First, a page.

In Pakwach, a town in northern Uganda that is about a five-hour drive from the capital city of Kampala, I met 17 year-old Doreen, who attends Paroketo Secondary School through the support of GFC grassroots partner Life Concern (LICO). I was impressed by how serious Doreen is about her education, and how committed she is to staying away from bad influences, completing her education, and being able to assist others.
Doreen lives with her 85-year-old grandmother. Her mother died when Doreen was in primary school, and her father was abducted by LRA rebels on his way to his farm and was killed when he refused to join the rebels. Doreen is a strong girl, but as I listened to her, my heart felt heavy and my eyes were moist.
Doreen is among several vulnerable girls whom GFC is supporting in partnership with grassroots organizations that are breaking down barriers to education for girls. LICO provides opportunities for girls to gain access to education, support to stay in school, and assistance to learn. LICO also offers counseling services and implements various activities to sustain the girls’ interest in school and help them improve their self-esteem. Doreen’s apparent ease as she narrated her story for the camera may be due in part to the psychosocial support she received from LICO. Please listen to the rest of the story from Doreen herself.
LICO, which is one of GFC’s grassroots partners supported by the PSIPSE initiative, was at the GFC Knowledge Exchange workshop held in Gulu, Uganda, in October of this year. There, LICO’s director shared the organization’s approach to supporting adolescent girls’ education with other GFC grassroots partners and with local government stakeholders.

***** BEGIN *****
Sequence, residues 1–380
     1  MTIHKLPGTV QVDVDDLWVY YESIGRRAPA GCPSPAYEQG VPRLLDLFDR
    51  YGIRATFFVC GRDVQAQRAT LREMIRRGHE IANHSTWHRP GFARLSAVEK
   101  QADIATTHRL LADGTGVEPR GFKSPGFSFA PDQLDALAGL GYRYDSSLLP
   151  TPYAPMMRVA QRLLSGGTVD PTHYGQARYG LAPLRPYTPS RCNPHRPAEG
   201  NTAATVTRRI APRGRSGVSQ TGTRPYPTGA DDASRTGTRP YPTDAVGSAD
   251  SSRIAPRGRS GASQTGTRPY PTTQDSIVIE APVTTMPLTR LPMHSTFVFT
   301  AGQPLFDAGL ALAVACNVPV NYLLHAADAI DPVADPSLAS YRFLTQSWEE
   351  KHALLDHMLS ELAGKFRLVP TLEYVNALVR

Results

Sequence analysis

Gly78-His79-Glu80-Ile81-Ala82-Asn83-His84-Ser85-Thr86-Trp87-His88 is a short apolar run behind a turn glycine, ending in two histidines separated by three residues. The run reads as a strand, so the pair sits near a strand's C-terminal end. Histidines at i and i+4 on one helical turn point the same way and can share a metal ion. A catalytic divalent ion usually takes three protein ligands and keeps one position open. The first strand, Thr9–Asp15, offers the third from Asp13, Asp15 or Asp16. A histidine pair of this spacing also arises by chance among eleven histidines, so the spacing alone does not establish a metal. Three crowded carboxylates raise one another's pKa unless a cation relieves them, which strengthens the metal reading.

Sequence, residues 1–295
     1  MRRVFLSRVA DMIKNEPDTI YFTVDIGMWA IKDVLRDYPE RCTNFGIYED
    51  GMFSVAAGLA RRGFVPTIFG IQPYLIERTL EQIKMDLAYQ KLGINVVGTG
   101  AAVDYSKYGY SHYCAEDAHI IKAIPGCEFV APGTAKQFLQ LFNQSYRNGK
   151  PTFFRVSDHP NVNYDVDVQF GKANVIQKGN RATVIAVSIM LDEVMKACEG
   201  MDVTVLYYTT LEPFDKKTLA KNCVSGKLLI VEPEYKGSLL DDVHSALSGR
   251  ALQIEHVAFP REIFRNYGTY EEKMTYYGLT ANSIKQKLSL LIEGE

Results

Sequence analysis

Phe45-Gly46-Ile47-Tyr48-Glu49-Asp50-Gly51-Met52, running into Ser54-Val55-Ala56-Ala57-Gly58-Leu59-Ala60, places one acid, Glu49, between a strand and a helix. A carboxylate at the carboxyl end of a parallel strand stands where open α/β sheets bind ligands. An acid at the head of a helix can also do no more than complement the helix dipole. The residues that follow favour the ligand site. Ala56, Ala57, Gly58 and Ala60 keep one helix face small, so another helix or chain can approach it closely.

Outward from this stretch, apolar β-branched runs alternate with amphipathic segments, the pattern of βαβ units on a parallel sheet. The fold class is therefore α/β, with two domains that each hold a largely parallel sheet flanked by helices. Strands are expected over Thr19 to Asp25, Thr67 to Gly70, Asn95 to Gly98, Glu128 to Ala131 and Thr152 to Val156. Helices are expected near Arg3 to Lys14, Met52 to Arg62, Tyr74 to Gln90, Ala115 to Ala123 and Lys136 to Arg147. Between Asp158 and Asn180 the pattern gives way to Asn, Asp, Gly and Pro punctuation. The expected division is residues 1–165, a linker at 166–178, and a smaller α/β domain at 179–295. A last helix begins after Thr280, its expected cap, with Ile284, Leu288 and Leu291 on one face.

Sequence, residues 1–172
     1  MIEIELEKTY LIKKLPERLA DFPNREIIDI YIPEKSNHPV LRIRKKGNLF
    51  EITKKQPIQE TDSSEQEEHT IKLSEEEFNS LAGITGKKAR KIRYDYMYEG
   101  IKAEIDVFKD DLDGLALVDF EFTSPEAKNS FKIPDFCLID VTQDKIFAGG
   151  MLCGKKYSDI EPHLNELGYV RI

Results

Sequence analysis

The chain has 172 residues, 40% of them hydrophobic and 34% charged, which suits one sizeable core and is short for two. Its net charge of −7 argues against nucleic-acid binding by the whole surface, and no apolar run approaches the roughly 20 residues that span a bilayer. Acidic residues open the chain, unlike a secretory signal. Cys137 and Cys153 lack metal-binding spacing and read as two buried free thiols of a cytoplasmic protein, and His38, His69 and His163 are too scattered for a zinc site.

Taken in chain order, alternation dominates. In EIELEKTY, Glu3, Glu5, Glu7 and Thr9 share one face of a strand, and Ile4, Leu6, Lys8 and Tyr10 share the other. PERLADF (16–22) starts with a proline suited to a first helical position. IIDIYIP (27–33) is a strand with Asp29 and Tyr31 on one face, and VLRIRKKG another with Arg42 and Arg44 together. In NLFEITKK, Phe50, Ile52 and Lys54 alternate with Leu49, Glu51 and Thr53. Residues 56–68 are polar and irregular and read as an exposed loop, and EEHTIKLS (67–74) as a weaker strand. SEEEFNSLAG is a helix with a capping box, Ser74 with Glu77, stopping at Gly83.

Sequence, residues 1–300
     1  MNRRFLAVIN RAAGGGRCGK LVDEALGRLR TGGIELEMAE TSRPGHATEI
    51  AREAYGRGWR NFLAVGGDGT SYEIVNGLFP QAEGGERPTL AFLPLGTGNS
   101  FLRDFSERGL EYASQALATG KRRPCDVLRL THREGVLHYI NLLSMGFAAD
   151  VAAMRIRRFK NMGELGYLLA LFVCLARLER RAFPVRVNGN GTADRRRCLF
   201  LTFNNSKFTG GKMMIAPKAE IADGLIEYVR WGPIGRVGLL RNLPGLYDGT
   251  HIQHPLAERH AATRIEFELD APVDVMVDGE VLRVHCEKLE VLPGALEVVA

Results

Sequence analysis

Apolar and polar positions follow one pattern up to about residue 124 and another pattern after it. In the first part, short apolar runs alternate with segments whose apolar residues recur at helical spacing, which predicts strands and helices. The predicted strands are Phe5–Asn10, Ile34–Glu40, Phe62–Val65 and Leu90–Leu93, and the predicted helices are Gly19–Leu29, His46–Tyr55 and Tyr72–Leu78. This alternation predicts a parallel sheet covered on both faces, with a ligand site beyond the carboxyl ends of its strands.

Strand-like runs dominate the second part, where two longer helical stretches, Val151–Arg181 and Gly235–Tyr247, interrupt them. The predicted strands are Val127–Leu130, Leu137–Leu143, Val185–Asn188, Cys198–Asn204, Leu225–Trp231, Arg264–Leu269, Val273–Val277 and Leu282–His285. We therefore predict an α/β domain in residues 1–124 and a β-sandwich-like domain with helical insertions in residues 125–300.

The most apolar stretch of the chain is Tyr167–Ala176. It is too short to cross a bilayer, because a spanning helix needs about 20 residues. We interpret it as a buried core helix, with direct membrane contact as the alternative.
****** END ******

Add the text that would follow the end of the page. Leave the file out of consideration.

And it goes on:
With the support of all stakeholders, we can do more for girls like Doreen. I encourage the Cranes of Uganda to work hard as they strive to qualify for the Africa Cup of Nations. And I implore stakeholders to learn from the words of the Cranes’ coach and to get involved in this process to work toward the well-being of vulnerable children in Uganda. Are you on board with us? Please visit www.globalfundforchildren.org and see how you can take this opportunity to be part of this effort to support children.
Global Fund for Children (GFC) UK Trust, created in 2006, is a UK registered charity (UK charity number 1119544). We work to generate vital income, create new fundraising opportunities, and raise awareness of the invaluable work of GFC’s grassroots grantees. Our aim is to extend the reach of GFC in the United Kingdom, Europe, and beyond.